The local government elections in Edo State have been won and lost. The winners across the state’s 18 local government areas have also been sworn in. Finally, the third tier of government has been put in place in Edo State in fulfilment of Section 7(1) of the 1999 Nigerian Constitution (as amended), which guarantees the establishment of democratically elected local governments in each state of the federation. Governance must now permeate the grassroots.
The role of the local government in a democracy has never been in doubt. Scholars reckon that no matter the extent to which modern governments are able to widen their scale of operations, there are still certain needs that are of direct concern to particular localities which are best dealt with locally. And local people are presumed to have superior capacity to understand and conduct their local affairs.
We commend the Edo State Governor, Mr Godwin Obaseki, and the Edo State Independent Electoral Commission (EDSIEC) for the peaceful conduct of the elections. We equally remind all the elected chairmen and ward councillors that they have a duty to the people in their various localities who trooped out on Saturday, September 2, 2023 to vote them in. The people do have expectations, and justifiably so.
Governor Obaseki was spot on when he charged the local council executives during their swearing-in on Monday to throw in everything they have to serve Edo people, urging them to be creative and focus on the key policies and programmes of the government to drive all-around development at the grassroots.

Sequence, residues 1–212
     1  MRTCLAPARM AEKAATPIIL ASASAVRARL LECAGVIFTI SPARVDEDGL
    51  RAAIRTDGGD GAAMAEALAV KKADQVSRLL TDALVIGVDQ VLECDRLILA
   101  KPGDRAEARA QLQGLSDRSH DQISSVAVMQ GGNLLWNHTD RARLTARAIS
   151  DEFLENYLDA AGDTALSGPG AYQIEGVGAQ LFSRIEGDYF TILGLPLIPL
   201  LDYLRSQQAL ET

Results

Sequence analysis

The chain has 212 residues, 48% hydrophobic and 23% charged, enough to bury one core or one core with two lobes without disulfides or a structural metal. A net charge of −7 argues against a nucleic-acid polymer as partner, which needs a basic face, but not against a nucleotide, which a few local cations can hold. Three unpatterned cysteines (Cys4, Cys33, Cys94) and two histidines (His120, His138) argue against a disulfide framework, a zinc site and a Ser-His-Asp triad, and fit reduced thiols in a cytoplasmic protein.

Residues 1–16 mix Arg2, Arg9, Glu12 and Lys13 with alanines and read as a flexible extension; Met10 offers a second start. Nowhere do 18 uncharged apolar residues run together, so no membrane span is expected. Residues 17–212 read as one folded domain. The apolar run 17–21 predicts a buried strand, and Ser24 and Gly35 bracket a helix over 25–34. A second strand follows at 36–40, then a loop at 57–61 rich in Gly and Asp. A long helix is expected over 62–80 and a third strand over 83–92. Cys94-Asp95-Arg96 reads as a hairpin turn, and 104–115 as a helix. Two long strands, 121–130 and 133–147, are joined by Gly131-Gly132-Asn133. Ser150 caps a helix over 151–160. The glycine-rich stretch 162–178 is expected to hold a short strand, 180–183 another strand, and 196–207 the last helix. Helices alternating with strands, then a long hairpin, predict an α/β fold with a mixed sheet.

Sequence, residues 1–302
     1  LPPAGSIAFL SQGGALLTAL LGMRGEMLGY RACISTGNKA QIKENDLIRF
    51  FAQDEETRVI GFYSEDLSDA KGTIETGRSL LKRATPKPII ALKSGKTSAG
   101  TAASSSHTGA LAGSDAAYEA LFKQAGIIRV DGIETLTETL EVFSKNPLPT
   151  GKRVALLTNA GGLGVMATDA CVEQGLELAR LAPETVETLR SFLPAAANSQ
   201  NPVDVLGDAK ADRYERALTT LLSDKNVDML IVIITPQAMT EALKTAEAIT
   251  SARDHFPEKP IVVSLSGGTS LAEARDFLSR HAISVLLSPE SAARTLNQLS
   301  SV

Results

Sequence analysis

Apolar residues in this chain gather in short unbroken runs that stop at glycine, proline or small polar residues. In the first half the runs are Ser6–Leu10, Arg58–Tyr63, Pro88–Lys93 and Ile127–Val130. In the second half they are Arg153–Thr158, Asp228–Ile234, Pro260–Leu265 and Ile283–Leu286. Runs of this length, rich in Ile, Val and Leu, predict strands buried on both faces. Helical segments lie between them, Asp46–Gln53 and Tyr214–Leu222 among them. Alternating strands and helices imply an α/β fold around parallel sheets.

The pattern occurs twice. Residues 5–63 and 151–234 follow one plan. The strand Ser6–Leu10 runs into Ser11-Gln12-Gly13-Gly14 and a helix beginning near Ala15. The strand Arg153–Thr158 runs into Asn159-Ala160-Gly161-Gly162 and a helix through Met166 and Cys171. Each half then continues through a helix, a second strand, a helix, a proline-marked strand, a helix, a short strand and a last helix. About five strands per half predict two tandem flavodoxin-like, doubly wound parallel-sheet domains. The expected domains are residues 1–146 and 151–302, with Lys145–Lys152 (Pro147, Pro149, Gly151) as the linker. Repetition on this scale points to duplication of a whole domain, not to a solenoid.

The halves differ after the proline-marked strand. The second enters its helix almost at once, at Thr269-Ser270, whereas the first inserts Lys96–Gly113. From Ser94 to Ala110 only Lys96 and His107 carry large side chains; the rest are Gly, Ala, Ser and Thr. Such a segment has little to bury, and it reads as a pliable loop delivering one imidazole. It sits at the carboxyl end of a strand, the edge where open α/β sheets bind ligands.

The governor identified education as a key priority. He told the new council chairmen, “A lot of innovation has taken place in education in the local government areas as we expect you to support our system. We are redesigning our secondary education system and have selected a pilot of about 54 schools to start the digital secondary education from next quarter where our students are going to use computers alone at the secondary level. We need your support as council chairmen as it’s without Federal Government support.”
He said the state government would also collaborate with the local governments in the area of the environment, urging the council chairmen “to make the area of sanitation a priority as the environment is a big issue around the world today as floods are being experienced due to our neglect”.
We could easily say the local government executives have their jobs cut out. However, we deem it fit to highlight, for their benefit, the functions of local governments, and these include construction and maintenance of roads, streets, drains and other public highways, parks, and open spaces; establishment, maintenance and regulation of markets, motor parks and public conveniences; provision and maintenance of public transportation and refuse disposal; control and regulation of outdoor advertising, movement and keeping of pets of all descriptions, shops and kiosks, restaurants and other places for sale of food to the public, and laundries; collection of taxes and fees; establishment and maintenance of cemeteries, burial grounds and homes for the destitute or infirm, among others. There is no gainsaying that some of these areas have suffered in the past in the absence of elected council executives.
Thankfully, one of the chairmen, Hon. Tajudeen Alade Suleman, reassured that he and his colleagues would not fail the people of Edo State, saying, “We would work round the clock to deliver the dividends of democracy to our people as we hit the ground running, taking advantage of the platform created for us. We will collaborate with you to make Edo the pride of the nation.”
Action must now follow. Election into a public office is not – and must not be seen as – an opportunity to line personal pockets. The local government is the government closest to the people and must be seen to work in the interest of the people.